41. 41. LEED-ND is now certifying green neighborhoods and providing standards to shape<br />sustainable communities everywhere. To qualify as green, developments must have <br />a residential density of at least 9 units per acre, the lowest at which transit service <br />can be maintained. And projects get additional credits for higher densities. Similarly,<br /> cul-de-sac developments cannot meet the green standard. Developments must have <br />connected street networks with at least 140 intersections per square mile to meet <br />the green standard. Pictured above, after being transformed from a shopping mall to a<br /> mixed-use neighborhood, Belmar meets the connectivity standard. Read more <br />about LEED-ND prerequisites and credits at cnu.org/leed-nd.<br />
    42. 42. Another major partnership, this one with the Institute of Transportation Engineers, <br />has created a much-needed manual with design guidelines for context-sensitive urban<br />thoroughfares — avenues and boulevards — as alternatives to standard high-volume,<br /> automobile-dominated arterial streets. <br />
    43. 43. In the CNU-ITE guide, thoroughfare design changes as context changes. The thoroughfare<br />both responds to and shapes the context and helps to define the place.<br />
    44. 44. All of the roadway elements are designed in relation to the pedestrian realm, areas where <br />bicycle and transit use are priorities and the nearby buildings that frame the public space <br />of the street. These thoroughfares create a strong sense of place. <br />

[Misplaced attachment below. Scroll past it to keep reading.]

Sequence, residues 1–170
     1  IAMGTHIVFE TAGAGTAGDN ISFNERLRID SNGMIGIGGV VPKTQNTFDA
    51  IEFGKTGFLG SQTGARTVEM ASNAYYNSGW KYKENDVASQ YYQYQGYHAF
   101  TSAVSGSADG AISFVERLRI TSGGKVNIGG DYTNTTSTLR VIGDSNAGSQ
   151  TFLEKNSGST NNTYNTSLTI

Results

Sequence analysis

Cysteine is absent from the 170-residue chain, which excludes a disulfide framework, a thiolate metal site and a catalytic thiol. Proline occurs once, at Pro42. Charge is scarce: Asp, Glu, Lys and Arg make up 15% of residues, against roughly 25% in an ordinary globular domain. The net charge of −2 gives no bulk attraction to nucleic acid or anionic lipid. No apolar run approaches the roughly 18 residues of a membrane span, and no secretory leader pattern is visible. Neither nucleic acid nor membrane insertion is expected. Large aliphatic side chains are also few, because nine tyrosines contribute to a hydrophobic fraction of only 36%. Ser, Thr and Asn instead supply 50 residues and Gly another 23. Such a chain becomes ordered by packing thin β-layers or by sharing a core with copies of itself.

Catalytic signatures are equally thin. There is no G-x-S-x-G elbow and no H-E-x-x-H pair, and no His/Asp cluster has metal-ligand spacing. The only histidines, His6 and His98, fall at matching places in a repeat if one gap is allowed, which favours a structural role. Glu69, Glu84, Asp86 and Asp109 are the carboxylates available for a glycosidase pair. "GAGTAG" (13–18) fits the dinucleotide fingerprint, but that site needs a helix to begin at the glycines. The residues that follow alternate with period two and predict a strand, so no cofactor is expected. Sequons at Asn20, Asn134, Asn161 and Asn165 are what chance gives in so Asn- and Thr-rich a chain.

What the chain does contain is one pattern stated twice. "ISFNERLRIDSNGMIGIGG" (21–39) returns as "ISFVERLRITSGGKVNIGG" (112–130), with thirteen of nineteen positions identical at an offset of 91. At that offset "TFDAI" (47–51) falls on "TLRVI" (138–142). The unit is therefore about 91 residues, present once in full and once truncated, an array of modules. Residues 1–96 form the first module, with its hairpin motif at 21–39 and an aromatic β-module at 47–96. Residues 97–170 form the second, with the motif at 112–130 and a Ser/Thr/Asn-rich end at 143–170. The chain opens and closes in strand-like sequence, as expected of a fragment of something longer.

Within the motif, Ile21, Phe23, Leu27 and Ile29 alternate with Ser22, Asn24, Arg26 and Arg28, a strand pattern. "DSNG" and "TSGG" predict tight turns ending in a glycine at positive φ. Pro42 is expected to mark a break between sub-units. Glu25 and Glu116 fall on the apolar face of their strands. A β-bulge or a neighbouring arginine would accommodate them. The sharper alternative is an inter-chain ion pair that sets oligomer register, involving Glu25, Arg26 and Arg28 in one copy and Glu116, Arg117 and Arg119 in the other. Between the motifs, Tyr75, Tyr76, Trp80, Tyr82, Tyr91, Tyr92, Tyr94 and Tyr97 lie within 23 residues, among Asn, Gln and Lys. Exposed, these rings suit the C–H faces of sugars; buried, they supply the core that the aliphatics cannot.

45. 45. Is your community at a crossroads about how to grow?<br />
    46. 46. If you accept the status quo, you’ll have cul-de-sac subdivisions<br />feeding widely spaced arterial streets.<br />
    47. 47. c<br />o<br />As this pattern of development spreads, pressure grows to widen the<br />arterials so they accommodate more car traffic and become less safe for <br />pedestrians and cyclists. <br />
    48. 48. Your community will likely wind up like this, a better place for cars than for people.<br />Photo: Northbrook, Illinois; courtesy of EPA Smart Growth<br />
    49. 49. Or you may use CNU’s tools for context-sensitive streets and networks… <br />
    50. 50. …and create the framework for a sustainable community. <br />
    51. 51. Like this.<br />Photo: Glenwood Park, Atlanta, Georgia<br />
    52. 52. Using this range of tools and resources, it’s now possible<br />to transform a completely automobile-oriented area such as <br />Crystal City in Arlington, Virginia…<br />Photo: Crystal City, Arlington, Virginia (current condition)<br />
    53. 53. …into a valuable livable community as Crystal City’s principal owner <br />and the municipal government in Arlington now plan to do.<br />
    54. 54. Join us in the revival of sustainable communities. Visit cnu.org.<br />